Contrary to contemporary neo-liberal discourse, it were List, the Prussian bureaucratic principles, and the Meiji Restoration that served as the true inspiration for Park Chung-hee, Lee Kuan Yew, Chiang Kai-shek, and Deng Xiaoping and other visionary Asian leaders, who managed to steer their nation from destitute to opulence within a single generation (Bernhard 2011; Studwell 2013; Mishra 2012).

In terms of economic diplomacy, as the experience of newly-industrialized countries demonstrates, strategic utilization of trade and industrial policy was crucial to the establishment of an increasingly competitive export-oriented manufacturing sector in places like South Korea, Taiwan, and Japan, which not long ago were also impoverished, agrarian societies. And a fierce sense of independence and measured self-confidence undergirded their pursuit of eventual parity with status quo powers of the West.

No country is a self-sufficient island. Literally island nations, in particular, tend to be highly trade-dependent and vulnerable to external predation, as the case of the Philippines poignantly shows. Foreign policy, therefore, is the instrument by which a country can protect its interests, pursue favorable relations, and avoid unnecessary conflicts.

But let's be clear: Foreign policy is not an instrument to primarily impress friends, charm the world, and alienate neighbors, but instead it's about discovering friends and allies depending on the issue at hand. No permanent friends, neither permanent enemies, but only permanent pursuit of national interest, which, it self, will shift depending on the imperatives of national development and the overall dynamics of the international system.

International relations and comparative politics theories show that change in government tends to bring about more of continuity rather than change, but leading scholars such as Princeton University's Andrew Moravcsik have shown that domestic leadership still matters. This is especially the case when one talks about strong-willed and visionary leaders. And to many, Duterte indubitably falls into that category. But what should a Duterte administration foreign policy look like?

21st Century Foreign Policy

There are five key foreign principles to bear in mind if the Philippines, as any middle-sized nation, is to achieve an optimal, independent foreign policy.

I. Independence, not as a matter of semantics and aspiration, which tends to be the status quo, but as a matter of core strategic interest. Gladly, Duterte himself has signaled his willingness to pursue a more independent foreign policy. But what will it mean in actuality?

Independence doesn't mean that you are on your own entirely. Autarky isn't an option, although it is indispensable for the Philippines to develop at least a minimum deterrence capability. It instead means that you don't put all your strategic faith in one partner alone. After all, each (reasonable) country is ultimately out there for its own interest, although recent history shows that 'self interest', as Robert Gilpin argues in the case of post-war America, could also mean keeping the world safe for democracy and free trade.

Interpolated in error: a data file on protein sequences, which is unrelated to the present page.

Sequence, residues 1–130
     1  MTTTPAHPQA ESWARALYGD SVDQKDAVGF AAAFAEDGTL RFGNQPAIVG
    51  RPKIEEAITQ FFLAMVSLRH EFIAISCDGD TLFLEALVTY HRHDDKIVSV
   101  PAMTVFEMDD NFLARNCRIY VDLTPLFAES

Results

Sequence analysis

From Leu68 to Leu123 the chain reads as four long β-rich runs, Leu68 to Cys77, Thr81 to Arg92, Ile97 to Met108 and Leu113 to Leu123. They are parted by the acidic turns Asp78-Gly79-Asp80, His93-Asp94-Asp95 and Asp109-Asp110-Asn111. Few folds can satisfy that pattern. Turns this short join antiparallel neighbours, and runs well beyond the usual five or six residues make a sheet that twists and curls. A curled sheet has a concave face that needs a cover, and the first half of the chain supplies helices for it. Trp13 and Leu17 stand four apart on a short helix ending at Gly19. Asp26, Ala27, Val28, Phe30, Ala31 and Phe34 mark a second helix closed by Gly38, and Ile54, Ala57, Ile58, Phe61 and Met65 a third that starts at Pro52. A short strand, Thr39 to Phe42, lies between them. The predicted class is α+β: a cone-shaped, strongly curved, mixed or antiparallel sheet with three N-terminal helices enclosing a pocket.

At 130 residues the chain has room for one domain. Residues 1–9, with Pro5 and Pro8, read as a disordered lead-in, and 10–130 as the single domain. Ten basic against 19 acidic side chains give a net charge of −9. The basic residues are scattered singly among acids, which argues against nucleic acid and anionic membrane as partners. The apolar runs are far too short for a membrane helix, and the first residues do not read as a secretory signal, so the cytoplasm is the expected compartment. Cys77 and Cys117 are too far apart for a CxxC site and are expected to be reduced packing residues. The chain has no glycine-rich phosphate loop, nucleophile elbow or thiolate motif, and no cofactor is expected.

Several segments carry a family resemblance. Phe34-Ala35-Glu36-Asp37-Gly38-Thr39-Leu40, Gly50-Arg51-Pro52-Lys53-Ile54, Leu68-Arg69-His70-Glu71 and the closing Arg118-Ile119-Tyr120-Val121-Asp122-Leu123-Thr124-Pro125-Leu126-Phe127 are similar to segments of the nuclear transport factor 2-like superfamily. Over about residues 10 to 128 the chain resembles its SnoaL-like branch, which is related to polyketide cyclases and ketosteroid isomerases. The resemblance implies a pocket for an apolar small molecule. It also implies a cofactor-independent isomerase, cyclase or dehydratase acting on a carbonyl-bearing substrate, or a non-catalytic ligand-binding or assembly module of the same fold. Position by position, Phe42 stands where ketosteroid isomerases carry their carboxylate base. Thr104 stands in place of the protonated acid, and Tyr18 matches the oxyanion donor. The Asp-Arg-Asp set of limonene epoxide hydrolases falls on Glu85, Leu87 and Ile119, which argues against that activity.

As far as small nations are concerned, history shows that it is best for them to maintain an equilateral balancing strategy towards major powers. This has been more or less the strategy of successful Southeast Asian nations such as Singapore and, more recently, Vietnam. In essence, it means that instead of siding with one giant against the other, it is better to maintain functional relations with all of them depending on the issue at hand.

As legendary renaissance thinker Niccolò di Bernardo dei Machiavelli cautioned Italian princes, siding with powerful neighbor (e.g., France) against another (e.g., Spain) runs the clear and present risk of ending up as part of an eventual grand bargain between the two. In less extreme cases, the smaller country will be taken for granted by its more powerful ally, since the latter knows its indispensability to the former.

II. Calibrated audacity. No matter how cunning and nimble a prince is, one can't underestimate the ingenuity and statecraft of established powers. But a totally risk-averse prince runs the equal risk of missing the train of opportunities. As Machiavelli or Sun Tzu would advice, one should keep his friends close, but rivals even closer. The idea to keep in mind is that diplomacy is not only about reaching out to friends, but also understanding and outsmarting your enemies and rivals.

Above all, when one talks about serious disputes with neighboring countries, direct engagement is indispensable. You need direct diplomatic engagement in order to manage the conflict and, if conditions are right, negotiate a mutually-satisfactory solution. It is for the above reason that, for instance, I believe in the indispensability of bilateral engagement to deal with the West Philippine Sea disputes. But it is extremely important for the Duterte administration to not give up on any leverage point, especially the ongoing arbitration case at The Hague. And the incoming government should have no illusions about the intentions of Beijing in adjacent waters. As President Reagan cautioned: 'Trust but verify'.

III. Capacity-building and consultation. Foreign policy is a time-consuming and labor-intensive work. It demands constant research, policy re-adjustment and rapid response. Throughout the years, I had the privilege of meeting and exchanging views with (retired and serving) Filipino diplomats and folks at the Department of Foreign Affairs (DFA). I have nothing but deep respect for their hard work and dedication, not to mention world-class professionalism.